US 6352629 B1
A magnetron sputter reactor capable of ionizing 15% or more of the metal atoms sputtered from the target. A small magnetron having closed bands of opposed magnetic polarity is rotated about the center of the target, and a large amount of power is applied to the target. Thereby the effective power density determined by the magnetron area is increased. A DC coil is wrapped around the space between the target and the substrate being sputter coated to generate an axial magnetic field to guide the metal ions towards the substrate. The pedestal electrode supporting the substrate may be negatively biased to accelerate the metal ions to deep within high aspect-ratio holes.
1. A sputter reactor, comprising:
a vacuum chamber having sidewalls;
a sputtering target sealed to but electrically isolated from said sidewalls of said vacuum chamber and configured to be electrically biased;
a magnetron principally disposed on one side of a central axis of said chamber at a backside of said target, rotatable about said axis, and comprising an inner pole of a first magnetic polarity and having a first total magnetic flux and an outer pole of a second magnetic polarity opposite said first magnetic polarity and having a second total magnetic flux larger than said first total magnetic flux, said magnetron having an area smaller than that of said target and being rotatable about a central axis thereof;
a pedestal for supporting a substrate to be sputter coated with material of said target while disposed in opposition to said target along said sidewalls; and
magnetic field means including a coil wrapped around said sidewalls and configured to be electrically powered to produce a magnetic field extending along said central axis in a region between said target and said pedestal, having said second magnetic polarity in said region, and being incident upon said substrate supported by said pedestal at an angle deviating by no more than 20° from said central axis.
2. The sputter reactor of
3. The sputter reactor of
4. The sputter reactor of
5. The sputter reactor of
6. The sputter reactor of
7. A sputter reactor, comprising:
a vacuum chamber having sidewalls;
a sputtering target sealed to said sidewalls;
a magnetron disposed at a back of said target and rotatable about a central axis and comprising an inner pole producing a magnetic field of a first polarity adjacent to a face of said target and an outer pole surrounding said inner pole and producing a magnetic field of a second polarity adjacent to a face of said target, wherein said inner pole is disposed away from said central axis, wherein said inner pole produces a first total magnetic flux and said outer pole produces a second total magnetic flux larger than said first total magnetic flux;
a pedestal for supporting a substrate to be sputter coated with material of said target while in opposition to said target along said sidewalls;
a coil wrapped about said central axis and extending from said target to a distance of at least 75% along a path from said target to said pedestal; and
a DC power supply connectable to said coil;
wherein said coil and DC power supply create a magnetic field of said first polarity in an interior of said coil.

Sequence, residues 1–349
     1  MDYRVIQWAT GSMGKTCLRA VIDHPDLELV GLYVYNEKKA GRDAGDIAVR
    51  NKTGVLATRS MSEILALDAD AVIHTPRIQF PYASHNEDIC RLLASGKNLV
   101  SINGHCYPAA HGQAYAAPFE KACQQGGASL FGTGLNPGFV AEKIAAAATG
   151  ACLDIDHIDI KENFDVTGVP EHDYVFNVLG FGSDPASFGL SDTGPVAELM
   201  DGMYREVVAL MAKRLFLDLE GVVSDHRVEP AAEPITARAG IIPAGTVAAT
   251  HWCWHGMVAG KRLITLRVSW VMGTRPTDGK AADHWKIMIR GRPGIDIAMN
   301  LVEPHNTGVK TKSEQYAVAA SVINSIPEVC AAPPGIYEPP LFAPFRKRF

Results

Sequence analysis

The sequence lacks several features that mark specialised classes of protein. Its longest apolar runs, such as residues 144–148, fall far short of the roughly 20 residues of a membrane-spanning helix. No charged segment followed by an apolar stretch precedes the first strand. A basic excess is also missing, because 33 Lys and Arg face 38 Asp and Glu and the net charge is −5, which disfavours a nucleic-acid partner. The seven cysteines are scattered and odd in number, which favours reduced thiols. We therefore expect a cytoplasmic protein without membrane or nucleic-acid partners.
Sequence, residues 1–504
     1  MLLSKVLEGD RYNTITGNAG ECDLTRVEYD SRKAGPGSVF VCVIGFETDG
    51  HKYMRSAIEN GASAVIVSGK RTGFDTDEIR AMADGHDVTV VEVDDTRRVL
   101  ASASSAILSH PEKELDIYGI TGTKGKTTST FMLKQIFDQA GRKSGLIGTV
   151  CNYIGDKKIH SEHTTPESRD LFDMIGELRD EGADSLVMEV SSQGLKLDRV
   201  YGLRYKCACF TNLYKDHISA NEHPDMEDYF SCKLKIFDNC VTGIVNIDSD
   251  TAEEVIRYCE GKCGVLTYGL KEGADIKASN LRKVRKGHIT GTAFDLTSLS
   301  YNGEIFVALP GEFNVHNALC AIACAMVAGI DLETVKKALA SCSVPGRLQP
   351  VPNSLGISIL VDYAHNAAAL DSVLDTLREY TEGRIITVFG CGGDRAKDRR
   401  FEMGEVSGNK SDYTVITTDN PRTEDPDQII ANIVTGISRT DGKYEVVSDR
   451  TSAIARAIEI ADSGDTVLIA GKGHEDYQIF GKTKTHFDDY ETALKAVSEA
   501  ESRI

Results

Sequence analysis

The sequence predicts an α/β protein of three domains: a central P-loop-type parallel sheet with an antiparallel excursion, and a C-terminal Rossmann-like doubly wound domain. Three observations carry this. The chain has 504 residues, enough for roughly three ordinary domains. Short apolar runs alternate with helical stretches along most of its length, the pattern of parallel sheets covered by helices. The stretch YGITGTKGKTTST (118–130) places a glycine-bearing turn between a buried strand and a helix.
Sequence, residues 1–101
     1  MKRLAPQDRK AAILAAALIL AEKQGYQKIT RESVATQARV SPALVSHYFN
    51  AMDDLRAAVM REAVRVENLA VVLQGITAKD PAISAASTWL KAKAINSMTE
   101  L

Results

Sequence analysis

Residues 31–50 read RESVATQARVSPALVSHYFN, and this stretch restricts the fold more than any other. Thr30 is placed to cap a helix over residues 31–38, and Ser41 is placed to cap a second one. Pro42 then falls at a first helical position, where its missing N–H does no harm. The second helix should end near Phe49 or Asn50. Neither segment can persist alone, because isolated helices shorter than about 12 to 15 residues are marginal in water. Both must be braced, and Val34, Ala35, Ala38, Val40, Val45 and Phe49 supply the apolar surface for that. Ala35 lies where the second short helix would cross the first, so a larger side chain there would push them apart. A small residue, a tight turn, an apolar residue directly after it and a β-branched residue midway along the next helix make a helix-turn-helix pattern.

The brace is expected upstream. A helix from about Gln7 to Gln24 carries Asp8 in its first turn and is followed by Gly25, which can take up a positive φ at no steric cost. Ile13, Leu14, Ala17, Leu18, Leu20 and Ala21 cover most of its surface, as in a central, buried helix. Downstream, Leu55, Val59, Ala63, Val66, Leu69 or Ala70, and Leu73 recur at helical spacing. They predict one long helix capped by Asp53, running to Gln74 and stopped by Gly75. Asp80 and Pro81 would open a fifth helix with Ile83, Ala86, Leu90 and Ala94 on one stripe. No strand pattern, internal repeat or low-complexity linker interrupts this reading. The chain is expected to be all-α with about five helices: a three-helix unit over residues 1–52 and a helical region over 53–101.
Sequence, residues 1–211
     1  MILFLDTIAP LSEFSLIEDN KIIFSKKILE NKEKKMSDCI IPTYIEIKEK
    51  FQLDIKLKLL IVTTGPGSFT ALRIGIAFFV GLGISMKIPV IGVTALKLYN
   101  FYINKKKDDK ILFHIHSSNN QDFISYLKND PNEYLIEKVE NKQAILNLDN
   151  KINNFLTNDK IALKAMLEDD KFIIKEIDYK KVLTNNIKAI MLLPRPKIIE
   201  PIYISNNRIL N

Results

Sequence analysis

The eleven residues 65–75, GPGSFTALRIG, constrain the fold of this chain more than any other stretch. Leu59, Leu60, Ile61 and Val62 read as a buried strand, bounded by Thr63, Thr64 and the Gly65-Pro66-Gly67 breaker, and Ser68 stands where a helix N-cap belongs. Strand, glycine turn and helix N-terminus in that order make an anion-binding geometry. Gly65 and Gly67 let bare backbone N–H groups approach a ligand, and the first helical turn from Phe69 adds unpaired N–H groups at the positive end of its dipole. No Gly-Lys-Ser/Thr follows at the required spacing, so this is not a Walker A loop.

The invention relates generally to plasma sputtering. In particular, the invention relates to auxiliary sources of magnetic field in magnetron sputtering.
Magnetron sputtering is a principal method of depositing metal onto a semiconductor integrated circuit during its fabrication in order to form electrically connections and other structures in the integrated circuit. A target is composed of the metal to be deposited, and ions in a plasma are attracted to the target at sufficient energy that target atoms are dislodged from the target, that is, sputtered. The sputtered atoms travel generally ballistically toward the wafer being sputter coated, and the metal atoms are deposited on the wafer in metallic form. Alternatively, the metal atoms react with another gas in the plasma, for example, nitrogen, to reactively deposit a metal compound on the wafer. Reactive sputtering is often used to form thin barrier and nucleation layers of titanium nitride or tantalum nitride on the sides of narrow holes.
DC magnetron sputtering is the most usually practiced commercial form of sputtering. The metallic target is biased to a negative DC bias in the range of about −400 to −600VDC to attract positive ions of the argon working gas toward the target to sputter the metal atoms. Usually, the sides of the sputter reactor are covered with a shield to protect the chamber walls from sputter deposition. The shield is usually electrically grounded and thus provides an anode in opposition to the target cathode to capacitively couple the DC target power into the chamber and its plasma.
A magnetron having at least a pair of opposed magnetic poles is disposed in back of the target to generate a magnetic field close to and parallel to the front face of the target. The magnetic field traps electrons, and, for charge neutrality in the plasma, additional argon ions are attracted into the region adjacent to the magnetron to form there a high-density plasma. Thereby, the sputtering rate is increased.